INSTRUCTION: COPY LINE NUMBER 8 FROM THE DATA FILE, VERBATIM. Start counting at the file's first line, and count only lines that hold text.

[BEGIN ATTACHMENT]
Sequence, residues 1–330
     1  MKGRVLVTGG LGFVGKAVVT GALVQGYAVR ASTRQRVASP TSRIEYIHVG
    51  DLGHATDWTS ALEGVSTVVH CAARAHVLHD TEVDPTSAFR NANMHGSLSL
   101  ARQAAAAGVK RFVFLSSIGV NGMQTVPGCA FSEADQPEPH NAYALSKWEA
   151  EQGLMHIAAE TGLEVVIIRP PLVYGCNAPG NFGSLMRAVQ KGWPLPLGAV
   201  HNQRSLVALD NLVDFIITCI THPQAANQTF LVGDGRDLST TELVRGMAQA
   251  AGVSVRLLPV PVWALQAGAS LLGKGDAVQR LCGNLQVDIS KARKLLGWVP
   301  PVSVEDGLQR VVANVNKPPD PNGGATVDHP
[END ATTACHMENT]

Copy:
   301  PVSVEDGLQR VVANVNKPPD PNGGATVDHP